Actor Hugh Grant has settled his phone-hacking claim against Mirror Group Newspapers (MGN), after receiving damages amounting to what is understood to be a six-figure sum.

Grant was at the High Court in central London to hear his lawyer detail the substantial settlement, which comes a little over five years after the actor settled a similar case against News of the World publisher News Group.

The 57-year-old has donated the damages to Hacked Off, a group campaigning for press reform, of which he has been a long-time supporter.

Lawyer Anjlee Saigol told Mr Justice Mann in court: "Mr Grant brought this action in relation to alleged illegal misuses of his private information, obtained by hacking into his voicemails, as well as blagging and surveillance, committed by MGN's journalists at all three of its newspapers over, as MGN now accepts, many years.

"Although Mr Grant now has some clarity as to the extent of MGN's unlawful activities in relation to him, one of his principal reasons for pursuing this case was to uncover and establish the wider truth about MGN's investigations into and knowledge of its unlawful activities before it finally admitted these practices in September 2014."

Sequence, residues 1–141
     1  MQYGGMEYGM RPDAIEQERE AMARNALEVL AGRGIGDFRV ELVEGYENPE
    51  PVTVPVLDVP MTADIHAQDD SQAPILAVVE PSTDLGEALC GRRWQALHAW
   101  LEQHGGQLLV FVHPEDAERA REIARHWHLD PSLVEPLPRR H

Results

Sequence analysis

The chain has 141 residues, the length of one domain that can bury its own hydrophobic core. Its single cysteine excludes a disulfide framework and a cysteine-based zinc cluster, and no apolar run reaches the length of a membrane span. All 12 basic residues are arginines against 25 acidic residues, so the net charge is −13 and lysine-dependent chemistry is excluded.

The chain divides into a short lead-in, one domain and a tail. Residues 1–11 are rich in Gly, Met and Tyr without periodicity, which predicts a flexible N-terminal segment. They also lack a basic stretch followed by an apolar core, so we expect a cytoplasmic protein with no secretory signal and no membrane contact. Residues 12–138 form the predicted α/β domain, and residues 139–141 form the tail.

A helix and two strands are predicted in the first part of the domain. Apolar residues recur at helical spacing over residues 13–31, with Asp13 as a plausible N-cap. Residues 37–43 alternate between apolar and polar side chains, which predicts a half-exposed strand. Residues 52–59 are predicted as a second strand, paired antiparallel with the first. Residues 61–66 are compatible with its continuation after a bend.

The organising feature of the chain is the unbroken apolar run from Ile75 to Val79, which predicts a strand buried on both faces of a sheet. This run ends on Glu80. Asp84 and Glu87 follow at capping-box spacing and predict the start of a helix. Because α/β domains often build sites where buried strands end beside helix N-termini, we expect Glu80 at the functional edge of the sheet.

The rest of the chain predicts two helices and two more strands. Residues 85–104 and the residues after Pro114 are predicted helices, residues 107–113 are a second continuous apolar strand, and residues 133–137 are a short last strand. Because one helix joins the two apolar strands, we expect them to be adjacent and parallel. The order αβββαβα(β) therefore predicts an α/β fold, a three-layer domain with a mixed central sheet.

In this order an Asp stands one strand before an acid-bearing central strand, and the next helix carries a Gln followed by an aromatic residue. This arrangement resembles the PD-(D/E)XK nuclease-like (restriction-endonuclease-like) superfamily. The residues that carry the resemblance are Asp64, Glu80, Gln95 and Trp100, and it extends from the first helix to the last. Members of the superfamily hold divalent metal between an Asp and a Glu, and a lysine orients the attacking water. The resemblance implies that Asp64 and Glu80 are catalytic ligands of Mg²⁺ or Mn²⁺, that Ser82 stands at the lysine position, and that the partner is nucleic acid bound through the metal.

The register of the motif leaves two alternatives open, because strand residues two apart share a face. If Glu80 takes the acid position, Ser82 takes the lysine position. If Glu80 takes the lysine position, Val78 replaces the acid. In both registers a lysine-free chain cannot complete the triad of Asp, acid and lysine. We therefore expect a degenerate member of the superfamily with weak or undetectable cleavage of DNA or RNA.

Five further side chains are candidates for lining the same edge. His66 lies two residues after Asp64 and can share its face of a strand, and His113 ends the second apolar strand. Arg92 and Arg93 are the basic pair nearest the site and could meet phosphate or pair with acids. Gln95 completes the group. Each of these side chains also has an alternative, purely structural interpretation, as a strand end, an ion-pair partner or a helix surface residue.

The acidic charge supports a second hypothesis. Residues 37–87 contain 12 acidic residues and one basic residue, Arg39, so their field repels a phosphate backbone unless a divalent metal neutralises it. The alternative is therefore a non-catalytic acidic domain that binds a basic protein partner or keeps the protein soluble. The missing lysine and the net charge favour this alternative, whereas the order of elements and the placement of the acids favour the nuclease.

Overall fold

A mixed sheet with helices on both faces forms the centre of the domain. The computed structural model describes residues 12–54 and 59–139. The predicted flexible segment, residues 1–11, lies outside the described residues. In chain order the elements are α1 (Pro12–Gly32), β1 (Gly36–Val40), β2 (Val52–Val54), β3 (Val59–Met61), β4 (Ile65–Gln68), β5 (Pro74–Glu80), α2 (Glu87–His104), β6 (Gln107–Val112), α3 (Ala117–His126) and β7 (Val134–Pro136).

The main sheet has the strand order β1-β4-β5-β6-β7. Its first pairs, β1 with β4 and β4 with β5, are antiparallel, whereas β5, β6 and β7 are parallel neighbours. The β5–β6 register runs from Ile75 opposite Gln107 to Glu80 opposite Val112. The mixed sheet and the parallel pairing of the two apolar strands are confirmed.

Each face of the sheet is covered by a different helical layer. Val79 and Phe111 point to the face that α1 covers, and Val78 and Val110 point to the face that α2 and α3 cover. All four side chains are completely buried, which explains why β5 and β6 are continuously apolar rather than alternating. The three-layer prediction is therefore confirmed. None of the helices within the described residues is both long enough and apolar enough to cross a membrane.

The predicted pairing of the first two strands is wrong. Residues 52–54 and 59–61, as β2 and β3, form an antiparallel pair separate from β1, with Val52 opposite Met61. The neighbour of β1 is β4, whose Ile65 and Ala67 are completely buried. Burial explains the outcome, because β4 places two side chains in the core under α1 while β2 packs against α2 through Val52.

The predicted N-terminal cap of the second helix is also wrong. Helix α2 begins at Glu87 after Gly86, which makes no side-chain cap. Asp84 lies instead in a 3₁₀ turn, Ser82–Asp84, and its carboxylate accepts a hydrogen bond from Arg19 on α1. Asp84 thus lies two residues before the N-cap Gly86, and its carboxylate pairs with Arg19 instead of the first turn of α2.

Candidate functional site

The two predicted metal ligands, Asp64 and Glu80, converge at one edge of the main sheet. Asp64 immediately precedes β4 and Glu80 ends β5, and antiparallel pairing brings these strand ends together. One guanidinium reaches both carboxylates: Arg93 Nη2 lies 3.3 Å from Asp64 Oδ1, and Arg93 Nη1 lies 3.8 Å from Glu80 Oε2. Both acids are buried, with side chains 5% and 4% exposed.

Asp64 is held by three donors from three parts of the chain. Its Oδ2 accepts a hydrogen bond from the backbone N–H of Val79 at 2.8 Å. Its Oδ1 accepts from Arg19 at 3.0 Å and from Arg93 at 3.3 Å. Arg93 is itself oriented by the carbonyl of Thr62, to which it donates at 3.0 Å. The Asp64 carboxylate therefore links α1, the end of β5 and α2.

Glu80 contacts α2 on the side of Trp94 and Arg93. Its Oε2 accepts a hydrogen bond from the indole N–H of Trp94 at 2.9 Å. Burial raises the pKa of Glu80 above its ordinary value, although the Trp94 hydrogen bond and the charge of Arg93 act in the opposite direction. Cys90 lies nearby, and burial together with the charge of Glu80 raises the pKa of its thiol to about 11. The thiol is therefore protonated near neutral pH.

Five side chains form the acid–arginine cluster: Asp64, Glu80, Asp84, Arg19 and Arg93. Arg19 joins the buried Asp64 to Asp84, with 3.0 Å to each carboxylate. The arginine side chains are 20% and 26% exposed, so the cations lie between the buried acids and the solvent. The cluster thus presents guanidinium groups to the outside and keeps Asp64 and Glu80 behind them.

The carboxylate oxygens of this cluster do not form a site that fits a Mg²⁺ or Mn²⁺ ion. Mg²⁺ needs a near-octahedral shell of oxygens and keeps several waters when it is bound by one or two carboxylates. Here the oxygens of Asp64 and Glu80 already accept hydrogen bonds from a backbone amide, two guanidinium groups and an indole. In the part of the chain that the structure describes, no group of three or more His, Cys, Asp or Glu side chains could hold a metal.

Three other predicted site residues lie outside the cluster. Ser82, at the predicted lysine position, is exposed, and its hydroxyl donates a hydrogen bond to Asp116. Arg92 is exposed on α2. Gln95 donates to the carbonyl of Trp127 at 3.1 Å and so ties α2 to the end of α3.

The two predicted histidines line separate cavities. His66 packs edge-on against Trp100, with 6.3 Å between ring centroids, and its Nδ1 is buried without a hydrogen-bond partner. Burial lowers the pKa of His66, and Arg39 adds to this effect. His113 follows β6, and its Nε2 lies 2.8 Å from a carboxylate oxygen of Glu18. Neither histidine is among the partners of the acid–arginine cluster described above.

In 2011 it was reported that the phones of murdered schoolgirl Milly Dowler, as well as the relatives of victims in the 2005 London bombings and soldiers who died overseas, were hacked by British publications belonging to News International.

Advertiser boycotts caused the News of the World to close and public outcry forced the resignations of News Corporation director James Murdoch and chief executive Rebekah Brooks among others.

The scandal grew over time, leading to numerous lawsuits against News International, Mirror News Group and other publishers.

In the summer of 2011, then Prime Minister David Cameron launched a public inquiry – the Leveson Inquiry – into culture and practices of the British press.